The ruling Congress party indicated that MNS has sexual criminals among its very own ranks.
"Last month, an MNS leader was arrested for raping a minor girl. Three years ago, a minor domestic help was gang-raped by four MNS workers. An MNS leader was arrested for the rape of a girl in Amravati in April 2011," said Maharashtra state Congress spokesperson Sachin Sawant.
"Raj Thackeray is bereft of issues and is resorting to such statements to divert attention from his [party's] actions.”
Sawant further warned: “Instead of holding a particular State responsible for heinous acts like rape, he should control his activists, which will bring down the crime rate in Maharashtra. His recent statement is an example of his irresponsibility and shallow thinking.”
Another Congress spokesperson, Rashid Alvi, said such remarks could threaten India’s stability.
“Some [people] are differentiating between Bihar and Maharashtra. This is unfortunate, and such remarks, will weaken the country and its democracy,” he said.
Thackeray has a history of making disparaging remarks against workers from both Bihar and neighboring Uttar Pradesh who have moved west to Mumbai and Delhi --- he even them “illegal immigrants” even though they are from the same country as he.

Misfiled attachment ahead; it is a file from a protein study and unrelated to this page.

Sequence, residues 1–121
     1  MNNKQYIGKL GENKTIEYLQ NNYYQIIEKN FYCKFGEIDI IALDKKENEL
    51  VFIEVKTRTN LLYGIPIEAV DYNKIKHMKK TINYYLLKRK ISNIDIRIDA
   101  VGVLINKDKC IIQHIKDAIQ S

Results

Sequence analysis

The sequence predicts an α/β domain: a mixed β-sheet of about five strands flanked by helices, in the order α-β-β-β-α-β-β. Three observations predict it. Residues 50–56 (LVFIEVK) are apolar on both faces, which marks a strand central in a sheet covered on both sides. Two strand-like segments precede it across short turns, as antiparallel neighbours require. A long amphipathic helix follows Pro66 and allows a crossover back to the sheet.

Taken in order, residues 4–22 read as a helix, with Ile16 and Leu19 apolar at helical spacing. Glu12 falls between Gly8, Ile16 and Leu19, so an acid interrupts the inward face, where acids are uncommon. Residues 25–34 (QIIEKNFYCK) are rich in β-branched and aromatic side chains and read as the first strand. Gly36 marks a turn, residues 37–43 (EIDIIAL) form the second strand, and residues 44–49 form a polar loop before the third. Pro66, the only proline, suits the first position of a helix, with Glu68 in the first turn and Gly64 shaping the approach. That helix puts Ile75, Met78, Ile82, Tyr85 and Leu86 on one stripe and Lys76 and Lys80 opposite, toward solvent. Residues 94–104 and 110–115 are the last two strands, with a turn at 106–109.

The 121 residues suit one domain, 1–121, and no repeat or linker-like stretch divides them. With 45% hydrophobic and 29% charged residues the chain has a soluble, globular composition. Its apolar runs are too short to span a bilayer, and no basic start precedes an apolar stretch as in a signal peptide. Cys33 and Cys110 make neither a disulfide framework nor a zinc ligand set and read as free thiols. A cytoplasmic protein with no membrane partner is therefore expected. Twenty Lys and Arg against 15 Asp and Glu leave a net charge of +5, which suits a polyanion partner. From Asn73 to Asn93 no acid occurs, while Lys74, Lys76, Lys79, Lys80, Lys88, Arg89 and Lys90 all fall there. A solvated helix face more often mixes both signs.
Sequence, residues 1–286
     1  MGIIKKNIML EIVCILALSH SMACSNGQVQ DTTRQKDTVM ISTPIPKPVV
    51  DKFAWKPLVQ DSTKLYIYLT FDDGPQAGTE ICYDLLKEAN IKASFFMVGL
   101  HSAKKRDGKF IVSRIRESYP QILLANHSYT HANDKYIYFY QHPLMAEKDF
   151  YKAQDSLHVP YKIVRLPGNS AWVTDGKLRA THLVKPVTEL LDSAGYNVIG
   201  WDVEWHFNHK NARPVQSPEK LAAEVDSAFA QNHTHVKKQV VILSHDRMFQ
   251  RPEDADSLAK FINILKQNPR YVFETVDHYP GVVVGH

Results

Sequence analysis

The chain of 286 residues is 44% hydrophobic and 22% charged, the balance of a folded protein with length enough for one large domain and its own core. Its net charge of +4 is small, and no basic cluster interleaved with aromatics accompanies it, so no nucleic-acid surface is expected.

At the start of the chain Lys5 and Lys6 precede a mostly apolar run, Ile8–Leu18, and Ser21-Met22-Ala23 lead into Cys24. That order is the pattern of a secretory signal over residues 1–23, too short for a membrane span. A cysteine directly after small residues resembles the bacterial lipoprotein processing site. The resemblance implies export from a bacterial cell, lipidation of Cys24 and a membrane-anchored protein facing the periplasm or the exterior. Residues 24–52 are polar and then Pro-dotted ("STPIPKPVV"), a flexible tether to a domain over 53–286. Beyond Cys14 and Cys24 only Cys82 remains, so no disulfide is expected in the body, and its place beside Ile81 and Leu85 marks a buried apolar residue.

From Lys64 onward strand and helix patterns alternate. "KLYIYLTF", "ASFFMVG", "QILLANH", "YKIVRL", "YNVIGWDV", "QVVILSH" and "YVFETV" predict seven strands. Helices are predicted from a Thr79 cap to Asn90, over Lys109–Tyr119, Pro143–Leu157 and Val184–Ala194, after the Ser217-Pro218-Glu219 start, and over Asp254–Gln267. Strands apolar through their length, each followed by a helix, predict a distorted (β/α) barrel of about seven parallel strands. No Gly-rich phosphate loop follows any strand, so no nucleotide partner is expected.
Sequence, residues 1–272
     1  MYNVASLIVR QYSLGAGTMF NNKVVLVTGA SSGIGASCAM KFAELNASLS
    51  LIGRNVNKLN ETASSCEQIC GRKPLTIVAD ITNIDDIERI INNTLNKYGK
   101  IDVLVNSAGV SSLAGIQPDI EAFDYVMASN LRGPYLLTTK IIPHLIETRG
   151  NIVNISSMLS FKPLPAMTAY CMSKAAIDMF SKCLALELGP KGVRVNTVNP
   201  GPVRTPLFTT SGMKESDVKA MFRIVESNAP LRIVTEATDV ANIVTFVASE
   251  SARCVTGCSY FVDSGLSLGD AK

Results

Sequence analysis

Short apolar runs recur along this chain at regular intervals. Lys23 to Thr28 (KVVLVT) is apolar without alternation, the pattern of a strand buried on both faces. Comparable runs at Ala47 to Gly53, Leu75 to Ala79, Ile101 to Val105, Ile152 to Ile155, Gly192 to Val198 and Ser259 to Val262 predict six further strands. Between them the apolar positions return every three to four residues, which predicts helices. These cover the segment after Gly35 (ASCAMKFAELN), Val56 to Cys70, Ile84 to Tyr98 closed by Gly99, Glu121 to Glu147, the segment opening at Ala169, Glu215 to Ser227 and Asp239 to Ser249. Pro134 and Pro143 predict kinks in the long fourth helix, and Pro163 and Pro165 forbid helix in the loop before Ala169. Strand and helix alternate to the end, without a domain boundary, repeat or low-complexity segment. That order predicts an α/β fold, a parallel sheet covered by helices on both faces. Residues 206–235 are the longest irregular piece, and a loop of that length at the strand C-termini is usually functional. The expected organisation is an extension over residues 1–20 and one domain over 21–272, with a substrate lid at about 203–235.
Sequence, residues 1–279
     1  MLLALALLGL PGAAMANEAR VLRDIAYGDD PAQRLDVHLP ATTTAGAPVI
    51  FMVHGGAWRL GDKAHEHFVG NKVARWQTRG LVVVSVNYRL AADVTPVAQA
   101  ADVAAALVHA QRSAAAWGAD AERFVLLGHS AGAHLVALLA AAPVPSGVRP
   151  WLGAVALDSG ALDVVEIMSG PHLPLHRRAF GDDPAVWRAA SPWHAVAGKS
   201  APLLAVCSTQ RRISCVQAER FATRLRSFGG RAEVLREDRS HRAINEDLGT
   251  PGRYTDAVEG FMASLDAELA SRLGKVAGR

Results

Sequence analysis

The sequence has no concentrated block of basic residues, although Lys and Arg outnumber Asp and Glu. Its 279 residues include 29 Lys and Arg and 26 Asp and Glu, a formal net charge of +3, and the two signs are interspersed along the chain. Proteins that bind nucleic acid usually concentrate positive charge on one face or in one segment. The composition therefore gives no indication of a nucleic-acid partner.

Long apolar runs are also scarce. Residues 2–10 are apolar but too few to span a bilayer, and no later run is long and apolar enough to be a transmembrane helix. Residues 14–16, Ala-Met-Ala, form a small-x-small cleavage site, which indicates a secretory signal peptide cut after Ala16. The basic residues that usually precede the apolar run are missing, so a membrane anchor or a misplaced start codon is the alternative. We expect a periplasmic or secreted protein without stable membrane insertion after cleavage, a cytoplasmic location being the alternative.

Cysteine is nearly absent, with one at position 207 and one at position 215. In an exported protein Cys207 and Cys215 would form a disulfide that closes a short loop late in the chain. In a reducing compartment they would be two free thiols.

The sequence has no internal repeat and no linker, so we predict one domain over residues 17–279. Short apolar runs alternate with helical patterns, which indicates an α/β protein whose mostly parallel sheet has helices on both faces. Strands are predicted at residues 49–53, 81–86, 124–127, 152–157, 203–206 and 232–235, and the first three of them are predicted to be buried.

But MNS is not just engaged in verbal smears, some of its members have physically attacked workers from these impoverished northeastern states.
Thackeray has been accused of hate speech dozens of times over his career, but he was never been charged or prosecuted.
However, Bihar does indeed have a very negative reputation within India.
Nestled between Nepal to the north and West Bengal to the south, Bihar ironically gave birth to the peaceful religion of Buddhism -- Siddhartha Gautama (the Buddha) is closely linked to the region that now encompasses Bihar and attained “enlightenment” there.
Over the centuries, however, a poisonous atmosphere of criminality and violence seeped into Bihar that is so deep that no one flinches when a local judge or politician is accused of committing murder or rape or other serious infractions of the law. Criminal gangs and politicians work hand in hand in Bihar and are frequently one in the same.
If the endemic corruption was not enough of a burden, Bihar is also wracked by communal violence between Hindus and Muslims, deep caste divisions and a decades-long insurgency by Maoist guerillas. Murders and kidnappings are commonplace; infrastructure is crumbling or nonexistent, and public services are dismal.
Bihar is essentially a medieval feudal society that has somehow survived into the 21st century, in defiance of the economic prosperity found in other parts of India. A handful of powerful and wealthy land barons and businessmen control much of the land (including farms and coal/iron ore mines), often with the help of compromised police and mafia-like private armies, while the overwhelmingly majority of the people work in agriculture and barely make a living.
A report from the World Bank said that almost 40 percent of Bihar’s 90 million people live below the poverty line, sending millions of desperate people to look for work in the glittering urban centers like Mumbai and Delhi.